China's Yin, India's Yang

Lee Hudson Teslik
Council on Foreign Relations
Monday, January 28, 2008; 2:36 PM

Much has been made of the rivalry between China and India, Asia's emerging economic powers. For the most part, analysts frame discussion of the two countries in competitive terms -- we did just this at in June 2007, when Manjeet N. Kripalani and Adam Segal debated whether India is likely to eclipse China. There is no denying the competition between Beijing and New Delhi, particularly when national pride comes into play. But on a practical level, recent economic relations stand out more for cooperation than competitiveness. This new cordiality was on display January 14, when India's economist-turned-Prime Minister Manmohan Singh and Chinese Premier Wen Jiabao announced plans to work toward a $60 billion trade pact by 2010 (Times of India).

News of the possible trade deal stands out as the latest in a series of developments tightening bonds between Beijing and New Delhi. In 2006, China's President Hu Jintao became the first Chinese leader in a decade to visit India. The countries recently began holding regular joint military exercises (AFP), and China supports India's bid (Hindu) to become a permanent member of the UN Security Council. These political advances come amid marked economic gains. Bilateral trade between India and China has skyrocketed, increasing over tenfold since 2002 (NDTV). Total bilateral trade between the countries, which amounts to roughly $34 billion, remains slightly smaller than total trade between India and the United States (a little over $38 billion), and substantially smaller than total U.S.-China trade (over $354 billion). But the trade targets agreed to by Singh and Wen seem likely to substantially broaden China-India bilateral relations -- even if the countries don't meet their $60 billion target.

China and India both hope to become major global trade powers. In this way, they more directly compete with one another, as outlined in a recent World Bank report about efforts in Beijing and New Delhi to win contracts in Latin America and the Caribbean. Yet even when they compete for resources abroad, experts say China and India have much to gain through cooperation. Writing in the December 2007 Harvard Business Review, one expert points out that the very different paths the countries have taken toward economic liberalization -- with intensive government oversight in China's case, versus a more bottom-up approach in India's -- have left India and China with complementary economies. The article argues that businesses gain from cross-border cooperation when they leverage China's superior manufacturing plants and cheap labor, and then make good on India's advantages in product design and development, sales, and services.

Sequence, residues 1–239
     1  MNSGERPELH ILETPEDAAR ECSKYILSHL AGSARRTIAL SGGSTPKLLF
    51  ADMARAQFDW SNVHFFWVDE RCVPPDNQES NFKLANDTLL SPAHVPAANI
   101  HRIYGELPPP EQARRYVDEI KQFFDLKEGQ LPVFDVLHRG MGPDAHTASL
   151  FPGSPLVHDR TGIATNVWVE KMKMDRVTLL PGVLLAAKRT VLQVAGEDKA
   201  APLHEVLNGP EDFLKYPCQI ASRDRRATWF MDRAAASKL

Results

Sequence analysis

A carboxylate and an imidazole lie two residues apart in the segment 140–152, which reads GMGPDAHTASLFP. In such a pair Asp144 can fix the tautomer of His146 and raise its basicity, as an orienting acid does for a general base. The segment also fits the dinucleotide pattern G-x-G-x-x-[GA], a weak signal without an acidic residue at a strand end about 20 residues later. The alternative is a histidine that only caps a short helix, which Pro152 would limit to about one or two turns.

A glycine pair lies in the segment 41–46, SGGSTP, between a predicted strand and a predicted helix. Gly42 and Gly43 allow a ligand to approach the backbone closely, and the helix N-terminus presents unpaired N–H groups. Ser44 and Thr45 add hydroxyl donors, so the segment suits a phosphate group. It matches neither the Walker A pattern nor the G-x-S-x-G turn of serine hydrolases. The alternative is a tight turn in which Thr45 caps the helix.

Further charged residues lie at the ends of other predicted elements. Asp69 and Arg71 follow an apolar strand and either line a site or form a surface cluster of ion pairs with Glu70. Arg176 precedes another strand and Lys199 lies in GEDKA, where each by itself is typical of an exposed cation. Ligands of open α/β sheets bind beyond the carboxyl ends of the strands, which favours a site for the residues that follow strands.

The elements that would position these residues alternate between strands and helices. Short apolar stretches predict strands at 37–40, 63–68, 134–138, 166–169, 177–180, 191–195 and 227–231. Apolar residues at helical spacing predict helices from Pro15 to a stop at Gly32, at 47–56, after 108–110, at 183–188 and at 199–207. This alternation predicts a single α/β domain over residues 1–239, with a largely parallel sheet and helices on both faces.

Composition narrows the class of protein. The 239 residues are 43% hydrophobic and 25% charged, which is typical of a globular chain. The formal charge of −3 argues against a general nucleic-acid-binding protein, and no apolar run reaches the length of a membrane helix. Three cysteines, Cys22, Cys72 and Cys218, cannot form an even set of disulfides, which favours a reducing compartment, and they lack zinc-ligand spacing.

Despite the gains to be had, several obstacles stand in the way of more fluid economic relations between the countries. A recent article in the Washington Quarterly, while lauding improved China-India relations, notes several lingering challenges (PDF). First and most basically, the countries still dispute the contours of their Himalayan border, a relic of a 1962 war ( In 2005, Singh and Wen signed an agreement aimed at resolving the dispute (China Daily), but the specifics have yet to be hammered out, and regionally the issue remains prickly. More generally, the Washington Quarterly article adds that each government remains suspicious of the other's intentions, particularly when it comes to regional power dynamics. Still, the economic stakes are high enough that businesses find a way to blast through cultural suspicions. As the Harvard Business Review article puts it: "They have too much to lose by not working together."

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